The start-up ecosystem in India has grown significantly in the last 5 years. Opportunities for funding, and a savvier Indian consumer have helped. From 3,100 start-ups in 2014 to a projection of more than 11,500 by 2020, there’s a lot of hype about working at a start-up. These organizations are beginning to change the outlook among Indian youth towards jobs. (Source: TheNextWeb)

After speaking to several entrepreneurs in the start-up space looking to hire young talent, I have highlighted some of the skills, mindsets and behaviours that these organizations expect from their staff.


  1.      Entrepreneurial spirit: As a part of a dynamic start-up team, each person on the team is expected to think like an entrepreneur. This involves risk-taking, ability to solve a problem rather than delegating it to someone else and ideating. You should be able to take initiative without hesitation.

Departments and designations are secondary – everyone is working toward growth and a common vision and should be willing to go the extra mile for the bigger picture.


  1.      Passionate about the company’s mission: A person entering into the start-up sector should be passionate about what the company stands for and confident about the ideas he/ she brings to the table. Working at a start-up is seldom smooth sailing: there are often extreme highs and lows. If you’re passionate about your work you will be more likely to work harder and do justice to the tasks assigned to you. Additionally, passion and conviction in your product is the first step to convincing customers that you have something worth buying!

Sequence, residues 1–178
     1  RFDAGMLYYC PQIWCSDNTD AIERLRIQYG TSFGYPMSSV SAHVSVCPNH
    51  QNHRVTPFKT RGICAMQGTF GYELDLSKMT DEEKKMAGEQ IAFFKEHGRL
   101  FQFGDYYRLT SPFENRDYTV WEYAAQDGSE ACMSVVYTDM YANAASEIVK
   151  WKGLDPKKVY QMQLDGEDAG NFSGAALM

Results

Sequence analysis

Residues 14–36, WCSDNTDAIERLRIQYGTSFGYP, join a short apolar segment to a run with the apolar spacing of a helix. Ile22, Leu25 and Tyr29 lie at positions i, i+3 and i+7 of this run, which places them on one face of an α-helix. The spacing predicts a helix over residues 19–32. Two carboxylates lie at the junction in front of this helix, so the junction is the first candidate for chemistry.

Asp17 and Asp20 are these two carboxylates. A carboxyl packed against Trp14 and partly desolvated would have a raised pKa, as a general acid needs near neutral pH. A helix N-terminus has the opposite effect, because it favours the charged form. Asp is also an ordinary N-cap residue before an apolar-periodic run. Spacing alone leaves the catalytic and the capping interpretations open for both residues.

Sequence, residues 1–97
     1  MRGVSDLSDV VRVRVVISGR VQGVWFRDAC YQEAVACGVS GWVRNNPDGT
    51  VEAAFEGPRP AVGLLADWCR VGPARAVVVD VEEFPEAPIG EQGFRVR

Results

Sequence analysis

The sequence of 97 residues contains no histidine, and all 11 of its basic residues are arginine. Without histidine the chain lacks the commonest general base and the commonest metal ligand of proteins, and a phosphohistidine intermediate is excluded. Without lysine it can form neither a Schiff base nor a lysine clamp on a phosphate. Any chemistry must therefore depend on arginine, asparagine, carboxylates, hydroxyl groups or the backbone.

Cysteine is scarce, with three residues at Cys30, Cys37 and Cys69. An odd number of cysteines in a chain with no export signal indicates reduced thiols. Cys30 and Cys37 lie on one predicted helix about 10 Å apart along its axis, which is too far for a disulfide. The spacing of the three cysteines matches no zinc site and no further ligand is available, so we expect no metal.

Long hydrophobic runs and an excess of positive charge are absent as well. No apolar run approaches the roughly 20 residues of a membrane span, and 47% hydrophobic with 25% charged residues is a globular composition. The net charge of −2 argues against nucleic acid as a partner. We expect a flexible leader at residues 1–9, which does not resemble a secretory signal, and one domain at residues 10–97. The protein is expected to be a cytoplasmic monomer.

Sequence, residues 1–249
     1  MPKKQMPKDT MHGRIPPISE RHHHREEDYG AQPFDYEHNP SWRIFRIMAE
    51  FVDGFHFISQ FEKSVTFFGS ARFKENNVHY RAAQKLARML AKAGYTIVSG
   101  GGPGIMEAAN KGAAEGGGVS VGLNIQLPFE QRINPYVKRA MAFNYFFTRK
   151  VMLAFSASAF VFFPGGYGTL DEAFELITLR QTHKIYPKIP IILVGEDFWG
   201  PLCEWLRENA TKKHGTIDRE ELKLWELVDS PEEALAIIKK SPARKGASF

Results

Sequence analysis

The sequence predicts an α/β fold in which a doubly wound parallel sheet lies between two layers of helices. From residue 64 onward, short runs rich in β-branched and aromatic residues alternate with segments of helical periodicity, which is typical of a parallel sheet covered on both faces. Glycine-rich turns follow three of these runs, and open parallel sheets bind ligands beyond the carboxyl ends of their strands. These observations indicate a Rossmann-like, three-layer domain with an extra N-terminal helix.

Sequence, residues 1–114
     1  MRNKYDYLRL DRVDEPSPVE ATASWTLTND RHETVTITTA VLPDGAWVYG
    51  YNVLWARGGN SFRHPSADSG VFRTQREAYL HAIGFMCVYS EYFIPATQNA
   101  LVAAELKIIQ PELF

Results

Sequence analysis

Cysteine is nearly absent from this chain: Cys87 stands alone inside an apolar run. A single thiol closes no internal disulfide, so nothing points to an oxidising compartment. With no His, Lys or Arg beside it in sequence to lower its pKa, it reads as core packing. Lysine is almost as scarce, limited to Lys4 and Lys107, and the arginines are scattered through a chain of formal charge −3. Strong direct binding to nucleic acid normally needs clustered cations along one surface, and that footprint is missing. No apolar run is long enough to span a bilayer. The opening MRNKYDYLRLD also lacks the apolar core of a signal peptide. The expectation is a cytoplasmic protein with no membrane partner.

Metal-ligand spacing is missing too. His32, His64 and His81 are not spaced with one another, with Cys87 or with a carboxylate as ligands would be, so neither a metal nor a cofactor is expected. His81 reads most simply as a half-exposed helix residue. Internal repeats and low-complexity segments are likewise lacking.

1.   Getting the job done: You are responsible for the job assigned to you, no-one else is going to follow up daily with you. Ownership is critical which involves the ability to solve problems that may not be in your domain.